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At a recent company-wide lunch meeting, a health and fitness coach stopped by to give a presentation. She gave us some small tweaks we could make to improve our health and fitness both at work and at home.
“Yeah, yeah,” I thought to myself. “I’ve heard it all before.” I need to get 7-8 hours of sleep a night, exercise regularly and eat lots of veggies. I already do all of that (er… for the most part), so I’m good, right?
It’s when she started talking about sugar that my ears began to perk up. I loooove sugar. It’s probably one of my favorite foods! I even have a memory as a kid sneaking sugar cubes from the cupboard as a snack.
I thought I had a pretty good handle on my sugar intake, but I was dead wrong.
During her presentation, I learned about the American Heart Association’s recommendation for maximum sugar intake:
For most American women, it is no more than 100 calories per day and no more than 150 per day for men (or about 6 teaspoons a day for women and 9 teaspoons a day for men).
As a big baked goods fanatic (my KitchenAid mixer gets a lot of use), I know exactly how much 6 teaspoons is — not a lot. I learned that I should be aiming for 25 grams of sugar or less each day. OK, so how much is 25 grams?
Here’s some info from Sugar Stacks, a cool website that displays the amount of sugar in popular snacks in sugar cube form:
I started thinking about the things I eat that I think are healthy, but perhaps aren’t because of their high sugar content.
I thought I was doing my body good eating a hearty breakfast of Chobani yogurt, fruit, and granola. But on further investigation, I realized pretty much every flavor of Chobani is packed with sugar. Even the varieties I assumed were healthier because they didn’t have that fruit-on-the-bottom sugary gook were pretty sugary. (My favorite flavors are lemon and lime, which clock in at 17 grams and 16 grams, respectively.) Even the plain Chobani greek yogurt has 4 grams of sugar — that’s not a lot, but why does plain yogurt have sugar in t?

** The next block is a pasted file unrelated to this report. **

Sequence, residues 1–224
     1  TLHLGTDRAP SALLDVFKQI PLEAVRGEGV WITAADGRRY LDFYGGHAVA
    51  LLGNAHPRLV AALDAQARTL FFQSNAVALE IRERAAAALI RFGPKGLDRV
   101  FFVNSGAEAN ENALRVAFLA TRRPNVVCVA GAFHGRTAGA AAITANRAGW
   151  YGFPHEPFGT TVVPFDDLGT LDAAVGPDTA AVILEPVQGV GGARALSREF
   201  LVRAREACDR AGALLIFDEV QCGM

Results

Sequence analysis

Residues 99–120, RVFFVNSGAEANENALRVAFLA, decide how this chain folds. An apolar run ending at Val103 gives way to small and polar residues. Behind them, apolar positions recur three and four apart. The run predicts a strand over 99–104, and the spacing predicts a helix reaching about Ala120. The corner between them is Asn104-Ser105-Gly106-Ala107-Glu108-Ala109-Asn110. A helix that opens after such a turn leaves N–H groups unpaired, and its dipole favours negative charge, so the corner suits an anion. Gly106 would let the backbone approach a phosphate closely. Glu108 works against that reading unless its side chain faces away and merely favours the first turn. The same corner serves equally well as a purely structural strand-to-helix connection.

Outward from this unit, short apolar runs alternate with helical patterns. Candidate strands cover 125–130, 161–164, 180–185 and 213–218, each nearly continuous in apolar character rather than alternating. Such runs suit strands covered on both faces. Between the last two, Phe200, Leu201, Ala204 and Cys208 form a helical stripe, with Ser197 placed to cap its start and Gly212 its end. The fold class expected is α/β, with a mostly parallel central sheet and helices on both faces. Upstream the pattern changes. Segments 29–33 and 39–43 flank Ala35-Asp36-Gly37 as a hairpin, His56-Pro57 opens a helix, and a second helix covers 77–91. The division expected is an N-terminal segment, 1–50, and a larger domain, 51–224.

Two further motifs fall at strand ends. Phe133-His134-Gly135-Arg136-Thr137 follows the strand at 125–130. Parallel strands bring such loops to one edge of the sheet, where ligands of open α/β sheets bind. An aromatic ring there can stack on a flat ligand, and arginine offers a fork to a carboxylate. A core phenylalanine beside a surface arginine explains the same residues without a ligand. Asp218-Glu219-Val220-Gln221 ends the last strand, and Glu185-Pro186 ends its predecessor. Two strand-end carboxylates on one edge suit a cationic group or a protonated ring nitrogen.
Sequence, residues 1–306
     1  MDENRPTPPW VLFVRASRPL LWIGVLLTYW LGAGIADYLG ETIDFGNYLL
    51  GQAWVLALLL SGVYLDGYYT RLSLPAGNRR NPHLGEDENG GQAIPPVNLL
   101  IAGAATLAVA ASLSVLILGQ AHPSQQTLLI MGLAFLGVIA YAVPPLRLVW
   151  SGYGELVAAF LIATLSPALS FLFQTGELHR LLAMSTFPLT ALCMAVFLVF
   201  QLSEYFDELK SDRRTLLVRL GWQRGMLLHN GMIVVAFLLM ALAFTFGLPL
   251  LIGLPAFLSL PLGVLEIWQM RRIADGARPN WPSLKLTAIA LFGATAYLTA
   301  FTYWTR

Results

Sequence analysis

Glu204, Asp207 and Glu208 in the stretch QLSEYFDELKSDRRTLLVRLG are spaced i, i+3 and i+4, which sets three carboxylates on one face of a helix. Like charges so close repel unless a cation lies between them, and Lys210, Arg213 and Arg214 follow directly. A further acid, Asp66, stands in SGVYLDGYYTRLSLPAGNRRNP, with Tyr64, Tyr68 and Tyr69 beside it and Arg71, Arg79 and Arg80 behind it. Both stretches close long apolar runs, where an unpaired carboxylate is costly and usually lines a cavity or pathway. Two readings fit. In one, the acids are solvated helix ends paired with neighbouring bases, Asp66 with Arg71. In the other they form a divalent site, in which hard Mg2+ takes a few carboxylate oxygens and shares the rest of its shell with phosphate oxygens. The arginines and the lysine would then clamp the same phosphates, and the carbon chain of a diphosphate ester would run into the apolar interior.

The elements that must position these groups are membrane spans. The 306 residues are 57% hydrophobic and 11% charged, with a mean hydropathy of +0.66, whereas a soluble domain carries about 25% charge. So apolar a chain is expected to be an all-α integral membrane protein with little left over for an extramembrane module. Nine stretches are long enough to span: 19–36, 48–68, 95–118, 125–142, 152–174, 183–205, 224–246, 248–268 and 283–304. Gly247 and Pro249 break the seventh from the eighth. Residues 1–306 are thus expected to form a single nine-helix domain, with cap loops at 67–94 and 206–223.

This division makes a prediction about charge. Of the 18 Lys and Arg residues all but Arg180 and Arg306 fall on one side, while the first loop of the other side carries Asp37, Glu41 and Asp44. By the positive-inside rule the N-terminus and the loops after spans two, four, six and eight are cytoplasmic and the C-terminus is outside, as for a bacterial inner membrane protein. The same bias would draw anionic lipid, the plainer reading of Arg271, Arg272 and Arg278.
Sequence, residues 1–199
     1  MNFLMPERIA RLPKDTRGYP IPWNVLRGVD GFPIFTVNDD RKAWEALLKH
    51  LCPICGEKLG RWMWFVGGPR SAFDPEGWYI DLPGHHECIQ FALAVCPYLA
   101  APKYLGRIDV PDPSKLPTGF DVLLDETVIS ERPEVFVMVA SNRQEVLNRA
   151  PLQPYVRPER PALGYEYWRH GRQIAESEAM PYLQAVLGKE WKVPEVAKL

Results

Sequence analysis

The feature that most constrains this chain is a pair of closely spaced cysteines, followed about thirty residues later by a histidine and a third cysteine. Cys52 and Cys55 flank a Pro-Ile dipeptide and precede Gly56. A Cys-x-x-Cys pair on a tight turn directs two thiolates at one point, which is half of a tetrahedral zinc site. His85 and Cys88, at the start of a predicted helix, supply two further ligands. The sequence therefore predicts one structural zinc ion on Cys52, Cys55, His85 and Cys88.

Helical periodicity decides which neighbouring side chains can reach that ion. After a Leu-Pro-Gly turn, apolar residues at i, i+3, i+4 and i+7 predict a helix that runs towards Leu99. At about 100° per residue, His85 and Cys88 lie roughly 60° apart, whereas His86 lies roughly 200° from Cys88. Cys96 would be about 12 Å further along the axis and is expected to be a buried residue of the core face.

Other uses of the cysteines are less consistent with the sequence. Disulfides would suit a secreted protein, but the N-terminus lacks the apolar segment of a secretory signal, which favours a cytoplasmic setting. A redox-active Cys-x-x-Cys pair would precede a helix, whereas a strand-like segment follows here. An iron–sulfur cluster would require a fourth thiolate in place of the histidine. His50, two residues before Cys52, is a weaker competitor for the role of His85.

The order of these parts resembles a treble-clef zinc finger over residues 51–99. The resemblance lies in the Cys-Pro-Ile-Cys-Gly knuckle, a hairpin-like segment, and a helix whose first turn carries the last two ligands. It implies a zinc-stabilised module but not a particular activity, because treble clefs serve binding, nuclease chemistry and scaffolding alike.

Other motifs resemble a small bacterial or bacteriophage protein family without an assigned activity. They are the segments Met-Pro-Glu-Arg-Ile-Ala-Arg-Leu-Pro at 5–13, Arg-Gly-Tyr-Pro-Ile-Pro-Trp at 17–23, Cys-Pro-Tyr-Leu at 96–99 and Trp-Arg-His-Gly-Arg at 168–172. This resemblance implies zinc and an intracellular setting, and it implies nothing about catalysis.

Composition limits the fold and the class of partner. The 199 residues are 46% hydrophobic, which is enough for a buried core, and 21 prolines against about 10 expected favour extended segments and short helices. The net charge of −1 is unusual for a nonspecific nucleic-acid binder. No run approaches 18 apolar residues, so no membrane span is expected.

I also drink protein shakes for breakfast and have been known to sweeten them up with fruit, cream of coconut or peanut butter. But once I looked at the nutrition information for cream of coconut, I realized I was adding 20 grams of sugar to my morning shake on top of the already sweet chocolate. That must be why they tasted so good — because they were totally unhealthy!
I didn’t even realize I was feeding my sugar addiction so vigorously with foods I thought were healthy, but weren’t at all.
Now that I’m more aware of how much sugar is hiding in some of the things I eat on a daily basis, I’m trying to scale back. The nutritionist’s tip was to read the nutrition label on everything; if the sugar is in the double digits, put it back. It’s actually quite hard to find something that contains sugar in the single digits, so for the moment I am trying to stick to anything below 11 or 12 grams.
I tried plain greek yogurt with raspberries and a teeny bit of granola the other day, which was… certainly not very sugary. It definitely tasted a bit bland, but I think I can get used to it. I’ve also been trying my protein shakes plain with just a dash of cinnamon. It’s definitely bearable, and I think I can reserve my favorite shake (chocolate + cream of coconut + a dash of almond extract, a combo that tastes like a delicious Almond Joy candy bar) for a special treat instead of a daily ritual.
My hope is that as I cut back on my sugar intake, the overly sugared foods will start taste worse to me — and perhaps as I wean myself off the sugar, I won’t want to eat as much of it anymore. We’ll see how it goes!
What’s your nutrition weakness?
Betsy Mikel | betsymikel.com
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